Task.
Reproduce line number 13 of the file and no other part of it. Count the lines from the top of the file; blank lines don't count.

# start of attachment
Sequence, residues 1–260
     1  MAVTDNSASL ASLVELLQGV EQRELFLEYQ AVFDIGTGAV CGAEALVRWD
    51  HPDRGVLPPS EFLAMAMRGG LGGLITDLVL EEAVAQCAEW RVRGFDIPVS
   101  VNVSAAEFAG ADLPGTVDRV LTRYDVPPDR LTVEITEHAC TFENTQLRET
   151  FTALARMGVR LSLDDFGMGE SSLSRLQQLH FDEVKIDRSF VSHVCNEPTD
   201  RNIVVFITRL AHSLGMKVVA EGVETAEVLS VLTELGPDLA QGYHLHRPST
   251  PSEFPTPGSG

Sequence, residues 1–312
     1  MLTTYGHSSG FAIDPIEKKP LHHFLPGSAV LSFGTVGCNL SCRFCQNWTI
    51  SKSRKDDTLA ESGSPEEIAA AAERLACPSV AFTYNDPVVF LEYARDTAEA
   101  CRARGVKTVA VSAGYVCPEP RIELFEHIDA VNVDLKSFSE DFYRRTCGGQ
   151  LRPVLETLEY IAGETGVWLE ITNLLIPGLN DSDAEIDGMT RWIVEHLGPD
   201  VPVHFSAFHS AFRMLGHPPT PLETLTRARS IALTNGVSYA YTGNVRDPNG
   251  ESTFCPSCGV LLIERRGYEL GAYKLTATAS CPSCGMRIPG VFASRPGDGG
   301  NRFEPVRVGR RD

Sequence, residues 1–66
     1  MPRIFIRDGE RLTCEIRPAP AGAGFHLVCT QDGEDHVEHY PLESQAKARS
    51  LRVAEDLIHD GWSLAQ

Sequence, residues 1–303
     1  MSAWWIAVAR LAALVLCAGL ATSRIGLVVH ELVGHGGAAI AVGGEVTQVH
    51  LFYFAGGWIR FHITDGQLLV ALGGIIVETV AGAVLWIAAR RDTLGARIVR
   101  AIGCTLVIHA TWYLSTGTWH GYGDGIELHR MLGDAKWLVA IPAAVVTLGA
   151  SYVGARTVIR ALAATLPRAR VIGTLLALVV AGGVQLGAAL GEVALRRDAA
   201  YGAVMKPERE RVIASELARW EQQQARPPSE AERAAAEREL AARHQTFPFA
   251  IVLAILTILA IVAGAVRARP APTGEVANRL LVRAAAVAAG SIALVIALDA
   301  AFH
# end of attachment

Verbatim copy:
   201  VPVHFSAFHS AFRMLGHPPT PLETLTRARS IALTNGVSYA YTGNVRDPNG